According to the latest opinion survey by the Jerusalem Media and Communications Center, Hamas would receive 30.2% and Fatah 32.3% respectively of Palestinian votes in the West Bank if the elections were to be held today.

 

This translates into 40 seats for Hamas and 42 to Fatah in the 132 seat Palestinian parliament.

 

According to the poll published on Friday, The Independent Palestine Party, headed by former Presidential candidate Mustafa al Barghouthi, would receive 12.6% (16-17 seats) while the Popular Front for the Liberation of Palestine (PFLP) would grab 7.6 %, corresponding to 10 seats.

 

In the Gaza Strip, the poll showed that Hamas would receive 36.4 % of the vote while Fatah would receive 36.7 per cent.


The poll was based on a randomly-chosen sample of 1000 persons in both the West Bank and Gaza Strip.


Common message
 

Hamas says it expects to win up to 40-45% of the vote on Wednesday.

 

Similarly, Fatah says it is sure it will emerge main winner in the elections.

 

“Eventually we will have to distinguish between the ideological and the political”

Aziz Dweik, Hamas candidate

Meanwhile, the various factions and candidates contending the elections are finalising their campaigns by refining their messages to a politically-savvy public much of which seems to have had made up its mind on whom to vote for on the 25 January.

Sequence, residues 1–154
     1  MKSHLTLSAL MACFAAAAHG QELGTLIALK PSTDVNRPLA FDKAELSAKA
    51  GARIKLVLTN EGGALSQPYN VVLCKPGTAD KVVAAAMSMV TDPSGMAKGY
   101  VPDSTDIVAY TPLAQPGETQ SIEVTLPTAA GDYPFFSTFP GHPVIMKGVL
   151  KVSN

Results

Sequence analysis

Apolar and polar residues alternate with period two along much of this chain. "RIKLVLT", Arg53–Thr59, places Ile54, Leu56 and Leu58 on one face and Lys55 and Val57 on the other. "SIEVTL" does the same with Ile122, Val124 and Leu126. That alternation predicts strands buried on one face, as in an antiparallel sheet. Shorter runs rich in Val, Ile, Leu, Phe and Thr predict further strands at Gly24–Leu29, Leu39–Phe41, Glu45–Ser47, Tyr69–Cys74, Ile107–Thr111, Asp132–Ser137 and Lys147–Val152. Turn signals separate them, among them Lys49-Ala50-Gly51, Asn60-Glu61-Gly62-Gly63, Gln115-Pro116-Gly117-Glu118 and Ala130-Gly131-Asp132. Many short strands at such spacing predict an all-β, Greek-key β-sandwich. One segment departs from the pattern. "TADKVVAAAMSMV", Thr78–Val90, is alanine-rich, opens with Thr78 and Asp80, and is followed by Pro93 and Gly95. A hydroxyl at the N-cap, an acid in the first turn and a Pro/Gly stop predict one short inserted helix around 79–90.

Nearly all contenders are vowing to fight corruption and foster good governance.

 

Hamas is running on a platform of Change and Reform and is striving to persuade voters to vote for Islamist lists because they are “honest, tried, and untainted by corruption.”

 

For its part, Fatah attacks Hamas' program as “suicidal for the Palestinian cause.”

 

Moderate tone

 

It is obvious that Hamas is refraining from talking about “destroying Israel” and is parsimoniously speaking about armed resistance against Israel.

 

Aziz Dweik, a prominent Hamas candidate in the southern West Bank town of Hebron said Hamas had no choice but to moderate its political language.

 

“Eventually we will have to distinguish between the ideological and the political,” he told aljazeera while campaigning at the Fawar refugee camp near Hebron on Thursday.

 

Dweik said he predicted that Hamas would win between 50-60 seats out of the 132 seats making up the Palestinian legislative council.

 

Fatah candidates are confident
they will hold off Hamas

He said Hamas recognised the need to show “political responsibility” and “moderation” once the movement reached parliament or, indeed, if it joined the next Palestinian government.

  

On Friday, Hamas held huge rallies all over the West Bank and Gaza Strip during which tens of thousands of supporters were addressed by candidates.

 

In Nablus, candidates accentuated the need to enhance the standard of living as well as creating more jobs.

 

In the Gaza Strip, huge crowds shouted in unison “Hamas, Hamas” as Islamist candidates vowed to “restore the dignity of the people” if elected.